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1 Nov

All the (fashion) world’s a stage

New Year

A fashion show is all about the collection but that collection needs to be presented properly for it to be seen and appreciated to its full capacity. Two recently held fashion weeks – the Fashion Pakistan Winter/Festive 2017 in Karachi and the PFDC L’Oreal Bridal Week 2017 in Lahore – offered several different runways, which made for a healthy discussion on what worked and what did not.

Fashion weeks hosted by Fashion Pakistan in Karachi have historically always had simple and streamlined catwalks, allowing models to walk in a straight file. One does find this format the most elegant and effective, especially when displaying ready to wear. A low white catwalk allows the clothes to shine at eye level without providing any distraction. This kind of catwalk is quite utilitarian, ideal for a runway that is set to feature casual clothes?

The PFDC Sunsilk Fashion Week 2017 took a chance with setting up two different catwalks this year. One was a straight ramp and the other was an elevated, U shape structure. It was a good idea to have two separate show areas but technical flaws prevented the idea to work fully. The first catwalk was straight, sparkly and grey but since the lighting has not been mastered yet, it did not provide the perfect setting for collections. The other runway was elevated and white, and while one is not a fan of the U shaped runway, it did end up looking superior. Straight and white, one felt, would have been ideal.


The anchor-shaped runway at FPW Winter Festive ’17.


Over to winter shows and the FPW, the oddly anchor-shaped runway was not a winner. The entry point for models was straightforward but then the runway branched out and sitting at one end, one could not see what was going on at the other end. A different show area hosted the Sana Safinaz solo show on the last day of fashion week; it was straight and much more effective. Well suited for a couture show, the Sana Safinaz runway did adapt to the theme of the collection and featured trees along with smoky walkways suggestive of a mystery forest, which was a good idea.

The catwalk in Lahore for PLBW, however, was not so impressive. It was a ground level catwalk but three things let one down. Firstly, the mosaic tiled flooring clashed with the clothes and was not a good idea. Second, the U shaped runway had people in the centre and those people obstructed each picture. It was almost impossible to find a group finale that had full impact. Third, with ground level catwalks, one has to perfect the lighting so that the spotlight is on the models and the audience is dimmed out. Such was not the case.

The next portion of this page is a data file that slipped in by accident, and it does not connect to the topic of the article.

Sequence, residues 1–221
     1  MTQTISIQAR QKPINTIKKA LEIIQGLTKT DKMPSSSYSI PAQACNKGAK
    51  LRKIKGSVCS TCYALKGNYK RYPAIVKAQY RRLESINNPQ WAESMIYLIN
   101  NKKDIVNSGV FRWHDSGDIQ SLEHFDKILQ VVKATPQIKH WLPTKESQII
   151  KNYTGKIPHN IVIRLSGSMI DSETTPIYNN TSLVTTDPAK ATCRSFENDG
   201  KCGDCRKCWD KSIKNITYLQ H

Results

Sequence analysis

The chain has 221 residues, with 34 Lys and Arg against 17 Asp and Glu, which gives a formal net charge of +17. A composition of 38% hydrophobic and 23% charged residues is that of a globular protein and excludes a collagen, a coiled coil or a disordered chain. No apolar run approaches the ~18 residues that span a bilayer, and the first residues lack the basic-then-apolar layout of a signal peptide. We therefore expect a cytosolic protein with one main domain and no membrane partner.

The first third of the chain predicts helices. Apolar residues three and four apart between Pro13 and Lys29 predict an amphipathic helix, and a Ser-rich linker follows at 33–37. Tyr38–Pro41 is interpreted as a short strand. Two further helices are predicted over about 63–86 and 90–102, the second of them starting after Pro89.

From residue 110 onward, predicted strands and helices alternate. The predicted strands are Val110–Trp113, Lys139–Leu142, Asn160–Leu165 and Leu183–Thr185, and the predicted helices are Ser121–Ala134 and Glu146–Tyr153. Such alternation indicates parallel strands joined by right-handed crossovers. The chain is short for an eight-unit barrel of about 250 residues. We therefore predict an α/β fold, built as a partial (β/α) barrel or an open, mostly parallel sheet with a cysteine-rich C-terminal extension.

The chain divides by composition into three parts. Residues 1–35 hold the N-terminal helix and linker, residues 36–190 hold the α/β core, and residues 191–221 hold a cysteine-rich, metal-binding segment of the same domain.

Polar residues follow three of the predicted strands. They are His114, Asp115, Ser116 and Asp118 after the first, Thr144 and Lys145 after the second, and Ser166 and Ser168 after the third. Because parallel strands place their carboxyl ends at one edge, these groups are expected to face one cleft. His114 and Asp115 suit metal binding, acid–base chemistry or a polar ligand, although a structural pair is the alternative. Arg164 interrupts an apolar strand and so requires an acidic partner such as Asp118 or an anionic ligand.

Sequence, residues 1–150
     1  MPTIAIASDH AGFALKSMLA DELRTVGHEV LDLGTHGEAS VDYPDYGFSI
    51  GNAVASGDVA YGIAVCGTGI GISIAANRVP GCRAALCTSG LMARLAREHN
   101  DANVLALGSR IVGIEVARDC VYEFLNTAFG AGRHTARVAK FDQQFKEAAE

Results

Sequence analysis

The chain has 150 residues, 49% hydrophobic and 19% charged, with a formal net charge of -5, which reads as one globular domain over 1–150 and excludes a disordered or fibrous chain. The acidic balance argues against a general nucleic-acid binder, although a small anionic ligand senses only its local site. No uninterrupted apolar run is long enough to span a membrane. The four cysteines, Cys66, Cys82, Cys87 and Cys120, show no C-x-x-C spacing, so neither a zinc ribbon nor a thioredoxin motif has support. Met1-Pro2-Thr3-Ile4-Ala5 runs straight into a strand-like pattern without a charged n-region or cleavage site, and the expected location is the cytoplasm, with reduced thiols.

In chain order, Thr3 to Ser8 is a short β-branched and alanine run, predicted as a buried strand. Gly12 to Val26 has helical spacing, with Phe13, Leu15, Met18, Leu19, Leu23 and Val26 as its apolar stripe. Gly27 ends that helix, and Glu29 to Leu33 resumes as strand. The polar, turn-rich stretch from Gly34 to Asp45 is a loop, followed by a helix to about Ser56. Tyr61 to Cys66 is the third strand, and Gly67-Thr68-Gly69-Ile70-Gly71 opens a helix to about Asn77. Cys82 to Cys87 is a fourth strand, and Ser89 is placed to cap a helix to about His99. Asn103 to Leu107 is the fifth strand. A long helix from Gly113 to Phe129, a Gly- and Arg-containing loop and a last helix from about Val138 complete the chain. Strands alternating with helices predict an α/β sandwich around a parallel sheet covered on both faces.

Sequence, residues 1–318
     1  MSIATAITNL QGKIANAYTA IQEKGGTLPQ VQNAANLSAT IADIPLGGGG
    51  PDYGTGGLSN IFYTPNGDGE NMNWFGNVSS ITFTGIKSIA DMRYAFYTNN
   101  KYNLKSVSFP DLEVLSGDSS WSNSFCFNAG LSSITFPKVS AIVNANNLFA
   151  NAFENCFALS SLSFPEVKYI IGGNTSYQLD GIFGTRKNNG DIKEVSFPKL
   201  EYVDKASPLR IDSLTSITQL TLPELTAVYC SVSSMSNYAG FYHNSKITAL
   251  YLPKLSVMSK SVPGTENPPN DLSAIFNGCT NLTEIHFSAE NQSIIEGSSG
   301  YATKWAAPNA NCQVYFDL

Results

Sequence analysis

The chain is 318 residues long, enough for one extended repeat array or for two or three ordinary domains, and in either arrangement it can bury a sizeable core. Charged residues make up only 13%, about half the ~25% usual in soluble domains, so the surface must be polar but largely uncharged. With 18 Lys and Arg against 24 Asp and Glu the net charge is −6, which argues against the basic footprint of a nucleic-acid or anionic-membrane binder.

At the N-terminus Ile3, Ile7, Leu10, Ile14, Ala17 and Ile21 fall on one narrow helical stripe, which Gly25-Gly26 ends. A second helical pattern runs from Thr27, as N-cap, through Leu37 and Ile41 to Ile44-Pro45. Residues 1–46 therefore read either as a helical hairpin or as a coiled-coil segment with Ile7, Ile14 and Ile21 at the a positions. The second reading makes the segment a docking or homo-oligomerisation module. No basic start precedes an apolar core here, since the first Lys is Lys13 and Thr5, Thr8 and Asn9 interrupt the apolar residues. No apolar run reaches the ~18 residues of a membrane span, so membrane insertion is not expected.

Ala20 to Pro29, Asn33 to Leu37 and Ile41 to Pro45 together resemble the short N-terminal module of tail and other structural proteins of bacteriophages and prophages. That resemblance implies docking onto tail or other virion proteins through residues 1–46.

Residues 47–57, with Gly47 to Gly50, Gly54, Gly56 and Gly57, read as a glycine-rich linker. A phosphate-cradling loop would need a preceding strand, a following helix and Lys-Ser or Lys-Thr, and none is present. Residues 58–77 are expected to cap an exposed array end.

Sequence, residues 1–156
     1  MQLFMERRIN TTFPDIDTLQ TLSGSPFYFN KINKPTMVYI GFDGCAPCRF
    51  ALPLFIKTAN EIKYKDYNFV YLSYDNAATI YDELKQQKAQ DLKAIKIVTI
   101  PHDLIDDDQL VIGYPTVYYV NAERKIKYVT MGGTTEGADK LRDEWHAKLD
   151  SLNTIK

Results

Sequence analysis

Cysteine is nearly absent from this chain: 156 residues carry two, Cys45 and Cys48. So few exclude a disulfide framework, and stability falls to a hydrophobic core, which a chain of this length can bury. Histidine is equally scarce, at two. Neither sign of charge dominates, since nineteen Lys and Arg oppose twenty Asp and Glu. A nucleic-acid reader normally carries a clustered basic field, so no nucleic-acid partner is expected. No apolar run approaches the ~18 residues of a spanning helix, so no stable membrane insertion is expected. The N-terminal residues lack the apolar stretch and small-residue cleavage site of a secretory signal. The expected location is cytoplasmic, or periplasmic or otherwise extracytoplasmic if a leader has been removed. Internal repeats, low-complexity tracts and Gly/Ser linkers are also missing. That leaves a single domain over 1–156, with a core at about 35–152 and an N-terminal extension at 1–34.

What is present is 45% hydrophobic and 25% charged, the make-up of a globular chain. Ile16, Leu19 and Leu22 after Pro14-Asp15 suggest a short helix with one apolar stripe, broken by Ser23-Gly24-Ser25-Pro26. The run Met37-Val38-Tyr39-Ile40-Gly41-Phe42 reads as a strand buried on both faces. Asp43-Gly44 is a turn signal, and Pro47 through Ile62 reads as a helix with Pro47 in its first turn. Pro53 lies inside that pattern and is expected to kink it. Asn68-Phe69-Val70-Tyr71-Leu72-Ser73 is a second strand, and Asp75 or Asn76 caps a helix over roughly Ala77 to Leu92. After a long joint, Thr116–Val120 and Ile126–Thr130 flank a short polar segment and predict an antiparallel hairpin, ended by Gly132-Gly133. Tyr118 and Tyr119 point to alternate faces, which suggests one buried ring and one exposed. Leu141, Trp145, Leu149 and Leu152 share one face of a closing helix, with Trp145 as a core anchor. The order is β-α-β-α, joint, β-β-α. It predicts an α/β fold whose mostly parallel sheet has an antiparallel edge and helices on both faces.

The runway at PLBW ’17.


Finally, one also feels that catwalks for couture shows need to be customized, even if that means having two shows a day. One runway for all does not do a couture collection any justice, which is one reason why designers are now branching out to having their own solo shows. To have creative control over the catwalk, the backdrop and the look (hair and makeup) is integral to a collection that has cost the designer hundreds of thousands to create. The platform exhibiting that collection must be just as grand.

We may never have the kind of budgets that go into a Chanel show, for instance, but minor changes will ensure a unique show, for sure. One can look across the border towards India for inspiration. Even Indian couture shows have not reached epic proportions but they have managed to customize each stage for each separate designer. One has witnessed a pond in the middle of a Rohit Bal catwalk and a film set for a Karan Johar – Varun Bahl show.

Bottom line: couture shows do merit customized catwalks and a little flamboyance can’t hurt.

  • This article was first featured in Instep on 1st November 2017. 


Aamna Haider Isani

The author is Editor-in-Chief at Something Haute as well as Editor at Instep, The News. Full time writer, critic with a love for words and an intolerance for typos.

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